Competitors and collaborators
The companies that choose to become Norwegian also gain access to good schemes for companies that engage in what is known as early-phase research. For example, they can apply for funding from the SkatteFunn tax relief scheme. All Norwegian companies that run research projects can apply for tax relief under this scheme.
‘Of course, the more companies that establish themselves and develop projects in this field, the better. We achieve good cluster dynamics. The companies compete for the same funding and investors, and will be competing in the same market later. At the same time, they can benefit in many ways from synergies and collaboration in the development phase,’ says Einarsson. He is often part of the delegations that present Oslo Cancer Cluster around the world.
‘Many Norwegian companies are going to the Nordic Life Science conference in Stockholm this September. We also attended the biotechnology convention in San Diego in June. We went there to look for partners in the bio-pharmaceutical field, to attract investors, and to help to market Norway as an exciting location for such companies.’
The Swedish company Pharmalink has decided to establish a subsidiary in Norway called Pharmalink Oncology. Pharmalink is engaged in speciality pharma, focusing on rare diagnoses for which they develop what is known as ‘orphan drugs’. The company currently has two products at the clinical stage, Nefecon and Busulipo, and is owned by the government investment company Investinor, Industrifonden and two of the entrepreneurs.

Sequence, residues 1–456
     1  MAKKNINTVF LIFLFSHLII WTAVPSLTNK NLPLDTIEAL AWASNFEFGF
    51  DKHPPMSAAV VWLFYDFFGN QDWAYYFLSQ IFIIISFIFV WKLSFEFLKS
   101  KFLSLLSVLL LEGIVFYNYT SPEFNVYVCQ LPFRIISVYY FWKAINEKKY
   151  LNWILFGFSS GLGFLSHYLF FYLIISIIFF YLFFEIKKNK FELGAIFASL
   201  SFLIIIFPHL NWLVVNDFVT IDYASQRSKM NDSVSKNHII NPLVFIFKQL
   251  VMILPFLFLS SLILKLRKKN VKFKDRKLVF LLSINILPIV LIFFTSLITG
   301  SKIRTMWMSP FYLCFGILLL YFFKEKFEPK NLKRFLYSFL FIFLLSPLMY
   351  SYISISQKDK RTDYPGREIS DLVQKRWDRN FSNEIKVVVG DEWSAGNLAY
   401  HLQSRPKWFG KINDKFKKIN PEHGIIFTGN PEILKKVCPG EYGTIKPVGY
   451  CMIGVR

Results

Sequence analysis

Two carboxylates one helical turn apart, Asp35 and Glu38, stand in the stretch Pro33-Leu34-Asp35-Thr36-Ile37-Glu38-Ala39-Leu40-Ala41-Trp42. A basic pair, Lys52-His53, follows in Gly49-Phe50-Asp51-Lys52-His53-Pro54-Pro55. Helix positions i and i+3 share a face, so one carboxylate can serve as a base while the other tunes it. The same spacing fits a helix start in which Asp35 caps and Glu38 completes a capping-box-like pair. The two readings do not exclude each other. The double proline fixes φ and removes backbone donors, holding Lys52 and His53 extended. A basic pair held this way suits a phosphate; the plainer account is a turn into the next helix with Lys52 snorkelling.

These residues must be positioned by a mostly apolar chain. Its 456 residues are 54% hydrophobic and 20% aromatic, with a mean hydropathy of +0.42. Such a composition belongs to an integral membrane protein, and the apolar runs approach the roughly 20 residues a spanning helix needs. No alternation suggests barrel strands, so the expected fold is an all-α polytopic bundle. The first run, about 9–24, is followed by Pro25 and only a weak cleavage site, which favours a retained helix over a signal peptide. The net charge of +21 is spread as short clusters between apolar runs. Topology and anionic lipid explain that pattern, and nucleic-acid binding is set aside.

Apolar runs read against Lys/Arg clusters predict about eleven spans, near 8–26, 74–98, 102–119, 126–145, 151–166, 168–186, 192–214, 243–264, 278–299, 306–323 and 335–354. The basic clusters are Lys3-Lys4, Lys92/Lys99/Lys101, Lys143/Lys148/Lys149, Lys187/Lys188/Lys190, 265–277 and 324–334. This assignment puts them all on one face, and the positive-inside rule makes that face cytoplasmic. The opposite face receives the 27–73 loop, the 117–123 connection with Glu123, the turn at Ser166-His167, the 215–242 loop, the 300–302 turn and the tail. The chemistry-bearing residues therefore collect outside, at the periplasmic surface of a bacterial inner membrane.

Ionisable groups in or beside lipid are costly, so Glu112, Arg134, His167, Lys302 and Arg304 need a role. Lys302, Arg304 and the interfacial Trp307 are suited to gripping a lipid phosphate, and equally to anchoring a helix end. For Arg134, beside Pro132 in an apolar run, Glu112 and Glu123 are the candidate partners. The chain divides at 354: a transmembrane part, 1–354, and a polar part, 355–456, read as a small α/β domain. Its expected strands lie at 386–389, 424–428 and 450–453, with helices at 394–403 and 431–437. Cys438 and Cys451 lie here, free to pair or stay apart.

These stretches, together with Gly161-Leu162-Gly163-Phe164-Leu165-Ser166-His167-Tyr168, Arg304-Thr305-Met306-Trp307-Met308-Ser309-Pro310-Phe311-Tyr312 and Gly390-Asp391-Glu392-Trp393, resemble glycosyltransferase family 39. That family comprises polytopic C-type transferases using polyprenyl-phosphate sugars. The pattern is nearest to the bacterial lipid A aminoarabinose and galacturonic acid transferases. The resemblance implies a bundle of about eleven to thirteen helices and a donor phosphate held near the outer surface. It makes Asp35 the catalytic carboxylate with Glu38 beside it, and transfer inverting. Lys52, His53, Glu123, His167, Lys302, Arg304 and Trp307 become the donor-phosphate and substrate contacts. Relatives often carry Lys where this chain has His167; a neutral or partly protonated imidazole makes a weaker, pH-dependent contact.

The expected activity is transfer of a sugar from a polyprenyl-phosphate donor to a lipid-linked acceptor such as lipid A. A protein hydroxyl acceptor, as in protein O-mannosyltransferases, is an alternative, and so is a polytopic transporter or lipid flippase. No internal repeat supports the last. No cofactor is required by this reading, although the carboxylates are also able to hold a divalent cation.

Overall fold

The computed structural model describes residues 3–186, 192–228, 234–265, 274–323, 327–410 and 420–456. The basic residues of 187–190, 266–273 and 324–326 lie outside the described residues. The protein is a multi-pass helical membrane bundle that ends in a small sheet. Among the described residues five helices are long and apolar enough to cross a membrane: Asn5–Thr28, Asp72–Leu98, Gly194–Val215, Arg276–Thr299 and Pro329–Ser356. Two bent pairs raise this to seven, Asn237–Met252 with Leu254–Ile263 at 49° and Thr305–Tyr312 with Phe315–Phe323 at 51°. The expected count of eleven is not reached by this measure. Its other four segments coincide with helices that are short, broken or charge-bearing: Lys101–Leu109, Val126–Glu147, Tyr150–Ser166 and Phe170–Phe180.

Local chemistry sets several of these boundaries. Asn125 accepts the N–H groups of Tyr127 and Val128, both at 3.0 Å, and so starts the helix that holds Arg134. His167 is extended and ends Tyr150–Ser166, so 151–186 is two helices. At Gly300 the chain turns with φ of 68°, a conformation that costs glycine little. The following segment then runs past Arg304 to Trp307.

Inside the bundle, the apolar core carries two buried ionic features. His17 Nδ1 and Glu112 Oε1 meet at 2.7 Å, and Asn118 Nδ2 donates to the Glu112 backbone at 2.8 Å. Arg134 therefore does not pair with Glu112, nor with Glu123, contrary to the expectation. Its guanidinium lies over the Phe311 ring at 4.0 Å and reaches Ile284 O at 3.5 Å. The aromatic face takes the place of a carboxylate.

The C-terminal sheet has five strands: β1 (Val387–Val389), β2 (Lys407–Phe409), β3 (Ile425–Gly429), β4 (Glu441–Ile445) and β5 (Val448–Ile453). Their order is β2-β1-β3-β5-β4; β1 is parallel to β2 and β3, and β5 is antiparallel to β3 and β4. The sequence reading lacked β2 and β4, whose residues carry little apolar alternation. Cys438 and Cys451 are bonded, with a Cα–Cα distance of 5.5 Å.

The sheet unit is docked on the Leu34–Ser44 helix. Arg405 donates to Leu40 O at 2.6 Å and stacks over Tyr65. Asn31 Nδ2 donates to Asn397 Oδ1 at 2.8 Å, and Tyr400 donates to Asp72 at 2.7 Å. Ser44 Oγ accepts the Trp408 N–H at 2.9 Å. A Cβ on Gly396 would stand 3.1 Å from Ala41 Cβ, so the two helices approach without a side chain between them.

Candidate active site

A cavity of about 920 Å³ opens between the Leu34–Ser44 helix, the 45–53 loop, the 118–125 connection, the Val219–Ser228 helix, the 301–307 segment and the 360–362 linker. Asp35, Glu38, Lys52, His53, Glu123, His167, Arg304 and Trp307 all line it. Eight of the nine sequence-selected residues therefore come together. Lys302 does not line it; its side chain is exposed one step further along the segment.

‘Our goal here in Oslo is to buy oncology projects where the research has come a long way and to expand our portfolio,’ said Johan Häggblad in a network meeting organised by Oslo Cancer Cluster on 20 August.
Important to the network
OncoImmunity is a company established by Richard Stratford from Britain, Trevor Clancy from Ireland and Norwegian professor Eivind Hovig. The company develops software intended to be able to assess tumour mutation and identify specific antigens in order to make it possible to use the body’s immune system to fight cancer.
‘The information obtained will help to pick the patients who will respond best to immunotherapy-based treatment. This will lead to a higher success rate at the clinical stage of the development and may spare patients unnecessary treatment.’ says Stratford.
Today, less than seven per cent of cancer drugs enter the clinical stage for the treatment that was the initial intention behind their development. ‘There is a great need for a review of and new methods in this field.’
OncoImmunity became a member of Oslo Cancer Cluster (OCC) in June this year. ‘We see OCC as a good forum for networking – for finding partners and potential investors.’ Stratford has lived in Norway for seven years, and has worked in the biotechnology field for most of that time. He was familiar with OCC before the company became a member. ‘The biggest advantage is the network and support OCC provides. They have a great team that has worked very actively to connect OncoImmunity to valuable contacts in research and development.’